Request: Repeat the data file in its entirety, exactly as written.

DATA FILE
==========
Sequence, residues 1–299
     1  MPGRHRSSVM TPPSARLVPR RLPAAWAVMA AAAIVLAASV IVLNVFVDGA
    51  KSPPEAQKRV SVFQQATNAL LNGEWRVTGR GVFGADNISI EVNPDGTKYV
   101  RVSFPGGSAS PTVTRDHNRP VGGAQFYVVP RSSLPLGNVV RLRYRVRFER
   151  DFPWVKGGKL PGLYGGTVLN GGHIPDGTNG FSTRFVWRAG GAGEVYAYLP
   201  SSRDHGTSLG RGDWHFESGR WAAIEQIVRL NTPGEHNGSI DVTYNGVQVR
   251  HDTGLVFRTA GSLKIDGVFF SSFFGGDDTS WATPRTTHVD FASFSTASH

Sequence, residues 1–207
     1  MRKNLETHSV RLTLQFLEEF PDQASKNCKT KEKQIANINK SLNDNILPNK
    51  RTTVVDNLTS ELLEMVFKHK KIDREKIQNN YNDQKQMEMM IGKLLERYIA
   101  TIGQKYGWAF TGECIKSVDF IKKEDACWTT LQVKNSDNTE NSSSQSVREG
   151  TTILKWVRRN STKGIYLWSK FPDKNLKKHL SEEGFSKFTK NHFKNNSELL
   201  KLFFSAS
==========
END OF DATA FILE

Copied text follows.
Sequence, residues 1–299
     1  MPGRHRSSVM TPPSARLVPR RLPAAWAVMA AAAIVLAASV IVLNVFVDGA
    51  KSPPEAQKRV SVFQQATNAL LNGEWRVTGR GVFGADNISI EVNPDGTKYV
   101  RVSFPGGSAS PTVTRDHNRP VGGAQFYVVP RSSLPLGNVV RLRYRVRFER
   151  DFPWVKGGKL PGLYGGTVLN GGHIPDGTNG FSTRFVWRAG GAGEVYAYLP
   201  SSRDHGTSLG RGDWHFESGR WAAIEQIVRL NTPGEHNGSI DVTYNGVQVR
   251  HDTGLVFRTA GSLKIDGVFF SSFFGGDDTS WATPRTTHVD FASFSTASH

Sequence, residues 1–207
     1  MRKNLETHSV RLTLQFLEEF PDQASKNCKT KEKQIANINK SLNDNILPNK
    51  RTTVVDNLTS ELLEMVFKHK KIDREKIQNN YNDQKQMEMM IGKLLERYIA
   101  TIGQKYGWAF TGECIKSVDF IKKEDACWTT LQVKNSDNTE NSSSQSVREG
   151  TTILKWVRRN STKGIYLWSK FPDKNLKKHL SEEGFSKFTK NHFKNNSELL
   201  KLFFSAS